So the answer to improve the retail workplace is more money and better scheduling. This would reduce turnover and create more productive and happy associates. This is a solution from various fiscal experts and researchers, but is not based on the reality.
There are some good points, but in practice, higher starting wages will not produce exactly the results that the different studies have indicated.
The Fiscal Policy Institute in New York City released a report that found that retail jobs “hold a distinction in the industry as the city’s largest low-wage employer.” Among the findings, the Institute concluded that higher wages would result in “increased worker productivity and higher quality service for customers.”
Is this in the wrong order? Most businesses want to see productivity and quality service then pay more. Offering a higher hourly wage would definitely make retail jobs more appealing, but does this result in better employees and better service?
As managers, we are responsible for the training to make employees productive and provide top customer service.
And if we see it, we want to pay those associates more to retain them. This is the purpose of a probation period.
Most new hires are teenagers in their first jobs so expectations need to be explained clearly and early. In his book, “The Profitable Retailer: 56 Surprisingly Simple and Effective Lessons to Boost Your Sales and Profits,” Doug Fleener cites poor management as another reason for turnover.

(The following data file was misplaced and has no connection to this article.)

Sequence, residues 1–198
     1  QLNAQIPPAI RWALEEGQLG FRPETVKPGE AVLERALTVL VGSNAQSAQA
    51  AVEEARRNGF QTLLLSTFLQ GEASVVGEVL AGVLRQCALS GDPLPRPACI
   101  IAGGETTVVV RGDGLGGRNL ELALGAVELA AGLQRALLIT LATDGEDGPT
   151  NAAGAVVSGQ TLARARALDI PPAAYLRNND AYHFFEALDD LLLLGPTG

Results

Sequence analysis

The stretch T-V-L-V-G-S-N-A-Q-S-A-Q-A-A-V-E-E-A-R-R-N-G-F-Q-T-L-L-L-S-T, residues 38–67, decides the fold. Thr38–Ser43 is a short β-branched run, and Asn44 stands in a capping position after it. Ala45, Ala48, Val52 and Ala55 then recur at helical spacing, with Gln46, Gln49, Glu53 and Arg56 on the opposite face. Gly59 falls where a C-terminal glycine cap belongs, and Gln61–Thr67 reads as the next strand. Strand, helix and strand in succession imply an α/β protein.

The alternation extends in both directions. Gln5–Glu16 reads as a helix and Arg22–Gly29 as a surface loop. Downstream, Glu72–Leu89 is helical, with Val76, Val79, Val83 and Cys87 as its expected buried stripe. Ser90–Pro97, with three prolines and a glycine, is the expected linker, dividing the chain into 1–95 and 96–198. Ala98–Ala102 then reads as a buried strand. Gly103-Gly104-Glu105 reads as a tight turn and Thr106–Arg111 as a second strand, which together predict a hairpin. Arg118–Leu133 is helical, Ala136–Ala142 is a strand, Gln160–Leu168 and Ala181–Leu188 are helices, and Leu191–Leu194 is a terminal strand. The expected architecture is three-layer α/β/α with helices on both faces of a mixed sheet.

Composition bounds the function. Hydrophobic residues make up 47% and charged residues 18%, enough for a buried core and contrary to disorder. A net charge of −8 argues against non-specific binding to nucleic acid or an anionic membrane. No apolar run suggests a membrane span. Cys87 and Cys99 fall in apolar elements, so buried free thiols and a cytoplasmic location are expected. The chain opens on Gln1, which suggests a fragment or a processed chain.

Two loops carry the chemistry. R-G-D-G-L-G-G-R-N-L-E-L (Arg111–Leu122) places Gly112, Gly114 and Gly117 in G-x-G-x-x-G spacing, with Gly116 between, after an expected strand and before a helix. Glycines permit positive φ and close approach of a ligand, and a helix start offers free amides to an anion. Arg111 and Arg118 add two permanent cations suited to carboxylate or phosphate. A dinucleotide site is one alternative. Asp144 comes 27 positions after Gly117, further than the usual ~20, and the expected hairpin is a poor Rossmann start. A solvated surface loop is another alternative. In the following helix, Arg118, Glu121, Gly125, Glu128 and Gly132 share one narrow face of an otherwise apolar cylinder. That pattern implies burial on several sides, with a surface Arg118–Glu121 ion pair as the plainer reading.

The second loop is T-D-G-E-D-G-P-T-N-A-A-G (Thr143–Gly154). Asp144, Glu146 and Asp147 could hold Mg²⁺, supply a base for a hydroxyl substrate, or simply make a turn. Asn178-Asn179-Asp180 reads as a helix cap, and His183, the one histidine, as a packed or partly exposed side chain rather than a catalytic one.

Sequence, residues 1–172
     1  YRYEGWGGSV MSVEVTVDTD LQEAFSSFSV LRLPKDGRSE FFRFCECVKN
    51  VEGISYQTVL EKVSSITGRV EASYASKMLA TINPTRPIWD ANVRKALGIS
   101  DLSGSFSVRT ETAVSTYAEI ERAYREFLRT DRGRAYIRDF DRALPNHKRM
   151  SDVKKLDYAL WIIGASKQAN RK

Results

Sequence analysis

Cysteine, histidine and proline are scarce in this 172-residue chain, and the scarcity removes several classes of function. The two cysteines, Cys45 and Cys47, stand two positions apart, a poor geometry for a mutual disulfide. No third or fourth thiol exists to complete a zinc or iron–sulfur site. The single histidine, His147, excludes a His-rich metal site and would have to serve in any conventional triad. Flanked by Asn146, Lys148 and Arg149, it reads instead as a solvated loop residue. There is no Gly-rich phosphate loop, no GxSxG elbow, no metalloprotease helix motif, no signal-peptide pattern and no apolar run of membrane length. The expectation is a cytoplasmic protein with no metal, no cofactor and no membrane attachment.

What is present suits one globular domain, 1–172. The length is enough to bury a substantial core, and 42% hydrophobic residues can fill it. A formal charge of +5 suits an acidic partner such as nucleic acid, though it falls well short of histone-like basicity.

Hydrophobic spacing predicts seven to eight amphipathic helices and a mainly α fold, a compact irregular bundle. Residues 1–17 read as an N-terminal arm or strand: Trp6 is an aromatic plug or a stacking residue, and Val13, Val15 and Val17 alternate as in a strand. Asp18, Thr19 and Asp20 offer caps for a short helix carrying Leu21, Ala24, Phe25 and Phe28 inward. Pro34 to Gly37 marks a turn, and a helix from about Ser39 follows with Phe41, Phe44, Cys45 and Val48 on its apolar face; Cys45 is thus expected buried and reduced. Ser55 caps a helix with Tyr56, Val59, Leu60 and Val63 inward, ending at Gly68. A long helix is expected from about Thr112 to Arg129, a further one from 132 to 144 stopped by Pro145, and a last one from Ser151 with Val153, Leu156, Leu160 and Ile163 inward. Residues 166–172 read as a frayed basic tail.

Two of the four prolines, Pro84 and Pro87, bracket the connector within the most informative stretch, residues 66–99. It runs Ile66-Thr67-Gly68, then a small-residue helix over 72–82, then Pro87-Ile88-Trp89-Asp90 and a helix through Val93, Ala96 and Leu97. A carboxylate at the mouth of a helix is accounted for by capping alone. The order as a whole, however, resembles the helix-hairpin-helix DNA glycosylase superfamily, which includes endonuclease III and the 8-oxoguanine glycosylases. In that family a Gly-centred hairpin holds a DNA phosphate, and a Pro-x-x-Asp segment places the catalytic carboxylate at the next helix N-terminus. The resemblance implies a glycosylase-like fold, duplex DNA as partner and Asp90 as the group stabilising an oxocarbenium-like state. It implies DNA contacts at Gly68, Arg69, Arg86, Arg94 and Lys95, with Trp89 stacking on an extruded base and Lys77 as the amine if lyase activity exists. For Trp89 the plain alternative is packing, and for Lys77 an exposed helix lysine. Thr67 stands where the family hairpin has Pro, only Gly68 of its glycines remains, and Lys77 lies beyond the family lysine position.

Fleener says, “Employees who work for a store manager they like and respect wind up liking and respecting the company they work for.”
In most instances, young employees “like” a store manager if they get a desirable schedule. What that means to most 20 year olds is no evenings and no weekends, a retailer’s most profitable times.
Retailers are often criticized for not providing adequate predictable hours and “forcing workers to open up their availability just to keep their jobs, while slashing their hours.”
There is some guesswork, but managers know what hours every week we need staffing. We also understand rotating associates for a life-work balance, but when employees constantly call out, we are left with no choice but to call the same reliable workers who will get burned out.
We can provide “predictable” hours if we have “predictable” employees. Open availability is only a problem when employees keep reducing it themselves. Most of the time, we are not “forcing” anyone to change anything, we just want them to stick to the original times that were agreed upon when hired.
The hours we are slashing are the daytime requests of employees. We are not cutting the less desirable evenings and weekends. We have hours to give, but employees don’t want to work those hours.
At this point, other businessmen are crying out to just clean house and hire others who will work the necessary times. As managers will attest, every applicant agrees to everything in the interview, but then things change once they are actually on the job. If we actually fired every employee who changed their availability, turnover would be much higher.
So the conclusion of several sources that higher wages will make for happy and better workers is not accurate.
Money and better scheduling seems like the solution to the retail workplace. It sounds like a nice idea in the confines of an educational or research setting but does not hold up in the daylight or nighttime of brick-and-mortar stores.